“There are known knowns; there are things we know that we know. There are known unknowns; that is to say, there are things that we now know we don’t know. But there are also unknown unknowns – there are things we do not know we don’t know.”
Back in 2002, Donald Rumsfeld was derided for this statement, , which was widely seen to be a mangling of the English language. However, in later years the meaning of it has crystallised – Rumsfeld has even named his autobiography after the phrase, and a documentary of his life is to be released this year using this title. In my day job, we sometimes use the phrase to demonstrate the evolution of knowledge in the teaching of computing – you may not know what you need to find out, so how do you find out what you don’t know? – and I find myself thinking of it in relation to ghostly fiction.
Last month, Badger and I visited Fyne Court, near Bridgwater, for an open-air screening of Julien Temple’s Pandaemonium. Fyne Court is an eerie place in itself – the former home of Andrew Crosse, the 19th Century Thunder and Lightning Man who aimed to create life through electricity, it’s an overgrown mystery of a place, with tumbledown walls and secret gardens.
It was the perfect setting for Pandaemonium, the story of Samuel Taylor Coleridge’s turbulent, glittering, frustrated life. I’d never seen the film before, and under the stars at Fyne Court I was completely transfixed. It’s visually stunning, anachronistic and enthralling, and I spent the next day glued to Wikipedia, looking up all the characters and what became of them. Coleridge was a Somerset boy – nearly every day I drive past the church in Taunton where he preached for a while – so I ought to have known more of his works and life. I’m making up for that now, beginning with Christabel, his unfinished ballad about a strange, possibly demonic, woman in the woods.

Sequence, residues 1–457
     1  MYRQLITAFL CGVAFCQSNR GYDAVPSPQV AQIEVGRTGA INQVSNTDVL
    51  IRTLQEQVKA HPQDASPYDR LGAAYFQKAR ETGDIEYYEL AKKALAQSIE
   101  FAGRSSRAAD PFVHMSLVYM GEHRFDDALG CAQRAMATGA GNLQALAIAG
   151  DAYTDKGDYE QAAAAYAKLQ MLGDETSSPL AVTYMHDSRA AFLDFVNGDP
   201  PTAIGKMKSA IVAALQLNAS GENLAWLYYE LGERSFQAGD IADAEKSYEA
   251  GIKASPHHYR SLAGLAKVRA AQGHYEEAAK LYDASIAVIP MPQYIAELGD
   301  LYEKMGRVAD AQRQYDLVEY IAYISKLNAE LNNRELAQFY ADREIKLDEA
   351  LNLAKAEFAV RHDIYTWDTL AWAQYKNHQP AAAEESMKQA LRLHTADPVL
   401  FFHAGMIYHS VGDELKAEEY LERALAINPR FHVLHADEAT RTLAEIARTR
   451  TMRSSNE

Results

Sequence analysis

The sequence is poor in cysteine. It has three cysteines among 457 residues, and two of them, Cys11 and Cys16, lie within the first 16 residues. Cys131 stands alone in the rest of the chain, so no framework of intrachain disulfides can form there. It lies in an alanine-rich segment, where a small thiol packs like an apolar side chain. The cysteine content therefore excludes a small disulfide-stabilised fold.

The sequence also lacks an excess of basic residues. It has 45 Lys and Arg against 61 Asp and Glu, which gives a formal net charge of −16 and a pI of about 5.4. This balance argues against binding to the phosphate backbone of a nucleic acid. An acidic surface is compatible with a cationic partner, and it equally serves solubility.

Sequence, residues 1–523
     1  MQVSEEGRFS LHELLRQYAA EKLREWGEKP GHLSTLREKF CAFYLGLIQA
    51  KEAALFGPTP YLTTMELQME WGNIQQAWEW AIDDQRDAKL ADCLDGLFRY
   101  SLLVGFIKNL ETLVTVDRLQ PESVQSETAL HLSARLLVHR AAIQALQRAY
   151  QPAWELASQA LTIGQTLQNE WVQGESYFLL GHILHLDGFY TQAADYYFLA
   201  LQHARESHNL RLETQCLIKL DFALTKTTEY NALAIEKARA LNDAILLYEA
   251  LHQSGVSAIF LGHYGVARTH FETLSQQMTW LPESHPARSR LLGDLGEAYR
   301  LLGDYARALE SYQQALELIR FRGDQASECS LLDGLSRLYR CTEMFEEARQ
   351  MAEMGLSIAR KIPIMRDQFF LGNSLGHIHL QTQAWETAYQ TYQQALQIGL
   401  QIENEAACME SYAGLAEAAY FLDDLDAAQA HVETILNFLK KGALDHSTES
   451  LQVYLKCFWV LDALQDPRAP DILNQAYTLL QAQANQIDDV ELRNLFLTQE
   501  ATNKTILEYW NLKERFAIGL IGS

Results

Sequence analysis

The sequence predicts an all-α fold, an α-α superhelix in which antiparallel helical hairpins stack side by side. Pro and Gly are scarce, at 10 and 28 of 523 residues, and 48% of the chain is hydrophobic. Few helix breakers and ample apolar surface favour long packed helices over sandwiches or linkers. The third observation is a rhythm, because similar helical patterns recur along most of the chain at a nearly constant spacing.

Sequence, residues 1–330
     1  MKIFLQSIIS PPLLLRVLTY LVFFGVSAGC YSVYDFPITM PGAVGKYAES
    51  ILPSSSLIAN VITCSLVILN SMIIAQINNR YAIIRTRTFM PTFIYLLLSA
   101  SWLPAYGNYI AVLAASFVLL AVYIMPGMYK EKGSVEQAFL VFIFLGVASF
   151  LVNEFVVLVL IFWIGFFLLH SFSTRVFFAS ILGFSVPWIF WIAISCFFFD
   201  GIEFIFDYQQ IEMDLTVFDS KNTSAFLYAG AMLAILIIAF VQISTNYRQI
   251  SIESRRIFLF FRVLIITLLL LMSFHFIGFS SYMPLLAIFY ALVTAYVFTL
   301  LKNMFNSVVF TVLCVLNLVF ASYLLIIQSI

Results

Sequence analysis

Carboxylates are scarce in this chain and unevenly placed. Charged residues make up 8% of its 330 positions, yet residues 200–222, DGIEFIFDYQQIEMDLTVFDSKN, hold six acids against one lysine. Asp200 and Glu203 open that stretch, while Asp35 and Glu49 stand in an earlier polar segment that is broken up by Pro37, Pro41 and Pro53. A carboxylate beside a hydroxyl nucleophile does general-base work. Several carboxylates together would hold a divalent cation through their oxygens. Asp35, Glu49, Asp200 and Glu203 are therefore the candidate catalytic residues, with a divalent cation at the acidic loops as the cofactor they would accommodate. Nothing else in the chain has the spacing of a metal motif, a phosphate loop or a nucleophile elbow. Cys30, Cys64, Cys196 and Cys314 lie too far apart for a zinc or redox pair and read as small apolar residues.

Where does the mystery of concealment appear in all this? In the golden days of poetry, to be a poet was to reach the pinnacle of literary achievement – the poet had to fill his mind to bursting with history, legend, myth, science, the lore of gems, plants, animals, and the heavens and encapsulate his thoughts in perfectly constructed lines. Most of us will have read Kubla Khan at some point in our schools years, and this provides the perfect entry point to understanding Coleridge’s vision. In Xanadu, he shows us a glimpse of a realm of supernatural beauty, but no more – today we’re used to immediate, constant revelation where information is pushed out to use constantly through tweets, headlines, slogans and disconnected facts. Coleridge, however, makes us, the reader, fill in the spaces between words. He suggests a depth but does not explore it for us, leaving it to the reader to imagine. He teases us with the line about a woman “wailing for her demon lover” – pleading for him? Summoning him? Wailing because she was deceived by a demon in the form of a man? We can’t say for sure, but it burns an image in our minds.
There’s more to what we can know than what we can see – close your eyes, listen to Benedict Cumberbatch reading Kubla Khan and let your mind provide the images.